D.C. United on Thursday received final approval to build a soccer stadium in the District, ending more than a dozen years of frustration to replace RFK Stadium as its home and creating an economic pathway to help the team catch up to the rest of a fast-growing pro league.
Two months after giving conditional support, the five-member D.C. Zoning Commission was unanimous in approving the 14-acre project at Buzzard Point in Southwest, adjacent to Fort McNair and three blocks from Nationals Park at the confluence of the Anacostia River and Washington Channel.
The city had previously agreed to cover $150 million in land acquisition and infrastructure costs. United will spend up to $200 million on the 20,000-capacity venue, which club officials aim to open in the summer of 2018.
United has played at run-down RFK since MLS started in 1996. Since ’99, 14 teams have christened new stadiums and two others are slated to move into new digs next year. Others play in renovated venues or share space in modern NFL stadiums.
Jason Levien, United’s managing general partner since 2012, called it “a project that has been 21 years in the making. We’ve been on a mission to deliver to our fans and this community a new, permanent home. We appreciate all of the hard work that has gone into preparing for this moment and can’t wait to finally put shovels in the ground.”
A ceremonial groundbreaking is slated for Feb. 27, with Mayor Muriel E. Bowser and MLS Commissioner Don Garber scheduled to attend. United is on a tight construction timetable to play the inaugural match by June ’18, but Levien has said the project could be completed in 14-16 months. Houston’s BBVA Compass Stadium, which opened in 2012, was finished in 15 months.
Despite the vote tally, the commission had reservations about United’s application.
“The responses on environmental issues and traffic issues have been adequate to make it passable, but I’m still extremely disappointed,” member Peter May said. “It just kind of barely makes it. It’s been a disappointment all the way through, so I hope it turns out better than I fear it will.”
The zoning decision came one day after United announced a long-term deal worth multimillions annually for naming rights to the stadium, Audi Field.
RFK — built in 1961 and lacking modern amenities to generate adequate revenue — was supposed to fill a short-term need until the team built its own venue.
There were tentative plans for a project at Poplar Point (across the Anacostia from Nationals Park) and then in Prince George’s County. There were flirtations with Baltimore and Northern Virginia. Financial losses mounted, and fears grew of relocating outside the capital region or shuttering the team altogether. Investors came and went.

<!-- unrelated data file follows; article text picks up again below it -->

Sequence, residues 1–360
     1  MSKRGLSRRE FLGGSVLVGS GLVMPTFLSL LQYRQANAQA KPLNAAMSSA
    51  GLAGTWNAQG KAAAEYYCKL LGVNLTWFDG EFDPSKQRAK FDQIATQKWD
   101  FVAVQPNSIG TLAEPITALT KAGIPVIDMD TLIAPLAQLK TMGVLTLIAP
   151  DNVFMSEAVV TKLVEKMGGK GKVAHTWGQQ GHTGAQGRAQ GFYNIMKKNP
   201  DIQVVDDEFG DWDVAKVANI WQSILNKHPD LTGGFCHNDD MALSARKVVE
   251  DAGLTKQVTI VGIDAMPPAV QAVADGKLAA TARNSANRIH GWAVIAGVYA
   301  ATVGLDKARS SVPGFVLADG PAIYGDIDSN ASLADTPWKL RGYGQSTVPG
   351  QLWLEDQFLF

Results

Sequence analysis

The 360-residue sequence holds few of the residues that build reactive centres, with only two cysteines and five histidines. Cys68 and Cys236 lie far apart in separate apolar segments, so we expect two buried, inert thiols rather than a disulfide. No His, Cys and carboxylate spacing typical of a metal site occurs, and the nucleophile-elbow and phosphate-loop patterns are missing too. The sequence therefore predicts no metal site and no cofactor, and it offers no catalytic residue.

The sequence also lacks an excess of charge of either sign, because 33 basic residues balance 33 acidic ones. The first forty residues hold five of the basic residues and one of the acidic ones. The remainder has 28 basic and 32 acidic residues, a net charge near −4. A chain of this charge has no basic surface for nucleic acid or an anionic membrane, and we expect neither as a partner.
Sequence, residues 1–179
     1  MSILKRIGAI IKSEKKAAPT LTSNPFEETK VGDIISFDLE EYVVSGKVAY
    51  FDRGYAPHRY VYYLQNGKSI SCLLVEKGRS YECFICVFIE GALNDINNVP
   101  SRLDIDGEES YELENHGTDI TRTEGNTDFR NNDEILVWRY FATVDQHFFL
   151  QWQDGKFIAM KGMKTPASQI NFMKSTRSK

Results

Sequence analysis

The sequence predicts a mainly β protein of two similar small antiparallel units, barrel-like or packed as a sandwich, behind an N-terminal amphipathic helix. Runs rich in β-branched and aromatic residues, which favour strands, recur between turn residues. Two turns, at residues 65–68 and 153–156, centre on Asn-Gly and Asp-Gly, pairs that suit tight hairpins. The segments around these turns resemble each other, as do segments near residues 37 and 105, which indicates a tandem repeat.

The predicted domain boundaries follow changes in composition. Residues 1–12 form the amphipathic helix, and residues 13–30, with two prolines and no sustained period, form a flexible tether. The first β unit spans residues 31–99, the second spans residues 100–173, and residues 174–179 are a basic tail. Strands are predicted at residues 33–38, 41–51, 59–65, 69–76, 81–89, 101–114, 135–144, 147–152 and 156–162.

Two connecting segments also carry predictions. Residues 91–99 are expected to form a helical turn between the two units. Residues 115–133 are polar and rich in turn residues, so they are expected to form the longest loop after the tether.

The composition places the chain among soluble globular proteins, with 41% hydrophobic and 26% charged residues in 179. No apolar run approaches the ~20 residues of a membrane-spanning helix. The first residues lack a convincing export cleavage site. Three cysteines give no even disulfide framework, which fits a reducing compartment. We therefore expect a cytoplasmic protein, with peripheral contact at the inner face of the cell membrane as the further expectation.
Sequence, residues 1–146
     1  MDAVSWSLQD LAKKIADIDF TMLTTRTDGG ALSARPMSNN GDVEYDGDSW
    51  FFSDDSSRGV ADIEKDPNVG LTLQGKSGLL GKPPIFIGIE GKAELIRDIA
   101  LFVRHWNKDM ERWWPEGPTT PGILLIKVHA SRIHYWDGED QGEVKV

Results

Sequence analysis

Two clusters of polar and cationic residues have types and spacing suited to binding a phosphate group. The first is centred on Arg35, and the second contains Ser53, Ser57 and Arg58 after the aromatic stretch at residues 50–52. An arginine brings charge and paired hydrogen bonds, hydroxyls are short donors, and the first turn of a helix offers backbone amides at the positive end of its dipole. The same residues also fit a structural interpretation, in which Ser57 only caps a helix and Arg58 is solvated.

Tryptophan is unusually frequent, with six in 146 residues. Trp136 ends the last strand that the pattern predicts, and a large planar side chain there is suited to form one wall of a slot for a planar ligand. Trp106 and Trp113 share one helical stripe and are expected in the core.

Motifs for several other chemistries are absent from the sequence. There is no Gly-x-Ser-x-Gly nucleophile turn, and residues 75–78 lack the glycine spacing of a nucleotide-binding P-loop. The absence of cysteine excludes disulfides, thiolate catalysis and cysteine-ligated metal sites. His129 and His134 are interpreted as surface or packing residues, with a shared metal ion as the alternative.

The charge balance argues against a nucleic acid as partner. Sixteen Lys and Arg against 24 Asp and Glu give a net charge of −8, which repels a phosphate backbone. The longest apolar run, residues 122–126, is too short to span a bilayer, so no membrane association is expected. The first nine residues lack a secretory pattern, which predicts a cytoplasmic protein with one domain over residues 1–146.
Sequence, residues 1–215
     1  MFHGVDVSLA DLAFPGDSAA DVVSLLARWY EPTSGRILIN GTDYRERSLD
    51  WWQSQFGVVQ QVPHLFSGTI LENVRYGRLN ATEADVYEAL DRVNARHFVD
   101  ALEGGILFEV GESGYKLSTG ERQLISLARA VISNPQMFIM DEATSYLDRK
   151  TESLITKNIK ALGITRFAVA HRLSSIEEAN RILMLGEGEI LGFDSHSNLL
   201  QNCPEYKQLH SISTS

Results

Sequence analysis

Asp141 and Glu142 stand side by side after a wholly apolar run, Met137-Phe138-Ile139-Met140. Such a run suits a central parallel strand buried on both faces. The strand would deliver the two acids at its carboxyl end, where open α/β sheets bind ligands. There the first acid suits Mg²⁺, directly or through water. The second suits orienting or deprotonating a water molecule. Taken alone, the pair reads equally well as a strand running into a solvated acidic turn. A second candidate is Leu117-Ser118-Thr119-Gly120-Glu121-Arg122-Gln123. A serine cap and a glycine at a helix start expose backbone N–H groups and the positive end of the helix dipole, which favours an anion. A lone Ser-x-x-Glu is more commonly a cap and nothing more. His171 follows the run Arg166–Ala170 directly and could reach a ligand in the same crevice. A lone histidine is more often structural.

As MLS blossomed, doubling team membership, sprouting new stadiums and growing attendance, United was left behind — a dial-up relic in a high-speed era. While several teams began spending large sums on famous players from abroad, such as David Beckham, Thierry Henry and Kaka, United’s technical staff was forced to shop for value.
D.C. has had one of the lowest payrolls in the league for years. MLS allows each team to sign up to three stars at salaries beyond normal restrictions, known as “designated players.” United will have none this year.
With revenue flowing from a new stadium — 31 private suites, higher demand for tickets in a smaller structure, the Audi contract for naming rights — United plans to begin charting a more ambitious course. The organization’s next board meeting is in July.
Levien has suggested in recent years that, once the club’s financial outlook brightened, United would increase spending on players.
Coach Ben Olsen, whose affiliation with United dates from 1998, said he did not want to speculate on what stadium approval will mean for the roster in 2018 and beyond.
“The city stuff is a huge piece to it and a necessary step, but I want to see some digging and some building,” he said, smiling. “That’s what is going to get me really excited.”
A new venue, however, does not guarantee success on and off the field.
The New York Red Bulls did not win an MLS Cup title between 1996 and 2009 while stuck at Giants Stadium and, since christening Red Bull Arena in 2010, haven’t advanced to the final. FC Dallas has struggled to draw fans since opening its complex in 2005, though the exurban location in Frisco, Tex., is at the root of the problem.
A venue with fresh revenue streams, however, would help United compete for more expensive players in the world market. As it stands, D.C. is a thrifty shopper. A sparkling new stadium filled to, or close to, capacity every match will also play a role in attracting players; cavernous RFK had become a tough selling point.
Designed with soccer in mind, Audi Field promises to enhance the fan experience and United’s home-field advantage. The seating sections are closer to the field and offer improved sightlines.
Audi Field will also secure United’s place on the local sports scene. Despite the team’s two-decade presence, failure to finalize a stadium deal had left the perception of temporary residence. MLS moved past questions about its future about eight years ago; a new stadium two miles south of the Capitol will allow United to do the same.